Much of the literature on federal criminal law bemoans the extent to which Congress has abdicated its legislative responsibilities and left enforcement decisions to prosecutorial discretion. Many critics have sought to compensate for the absence of appropriate legislative specificity by proposing other devices for limiting prosecutorial power, many of which would centralize enforcer authority. Guided by recent work in positive political theory, Professor Daniel Richman argues that such claims of legislative abdication overlook the attention that Congress has given to the organization and activities of the federal enforcement bureaucracy. By showing the extent to which Congress balances concern with enforcer accountability against suspicion of presidential power, the Article cautions against reform proposals that would undermine considered political decisions about the allocation of criminal enforcement authority.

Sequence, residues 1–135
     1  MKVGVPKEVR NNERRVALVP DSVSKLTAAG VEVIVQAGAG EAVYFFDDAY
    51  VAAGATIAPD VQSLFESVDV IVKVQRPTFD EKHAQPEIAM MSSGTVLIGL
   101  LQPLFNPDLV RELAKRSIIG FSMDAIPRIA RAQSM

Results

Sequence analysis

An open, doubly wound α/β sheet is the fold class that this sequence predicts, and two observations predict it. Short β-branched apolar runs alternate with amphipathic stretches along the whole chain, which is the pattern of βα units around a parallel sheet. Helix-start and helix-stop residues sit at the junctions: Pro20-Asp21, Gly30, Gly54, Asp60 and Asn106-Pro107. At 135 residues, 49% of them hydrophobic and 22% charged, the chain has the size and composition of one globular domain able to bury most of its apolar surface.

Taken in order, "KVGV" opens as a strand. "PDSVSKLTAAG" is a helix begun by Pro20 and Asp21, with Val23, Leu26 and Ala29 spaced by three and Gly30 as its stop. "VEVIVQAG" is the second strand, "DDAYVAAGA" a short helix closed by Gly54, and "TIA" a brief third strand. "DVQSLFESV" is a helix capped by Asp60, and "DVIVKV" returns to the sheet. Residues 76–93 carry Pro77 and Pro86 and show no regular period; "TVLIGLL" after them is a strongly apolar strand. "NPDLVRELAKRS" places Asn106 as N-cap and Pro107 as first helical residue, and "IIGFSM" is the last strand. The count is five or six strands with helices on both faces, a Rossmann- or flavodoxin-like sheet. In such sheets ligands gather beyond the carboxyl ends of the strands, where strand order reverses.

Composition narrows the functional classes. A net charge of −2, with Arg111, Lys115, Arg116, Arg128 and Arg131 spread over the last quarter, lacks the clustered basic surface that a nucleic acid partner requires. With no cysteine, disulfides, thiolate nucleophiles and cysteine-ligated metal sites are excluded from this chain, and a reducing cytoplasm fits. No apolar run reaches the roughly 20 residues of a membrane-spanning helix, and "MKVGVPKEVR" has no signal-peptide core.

Federal Criminal Law, Congressional Delegation, and Enforcement Discretion,
UCLA L. Rev.
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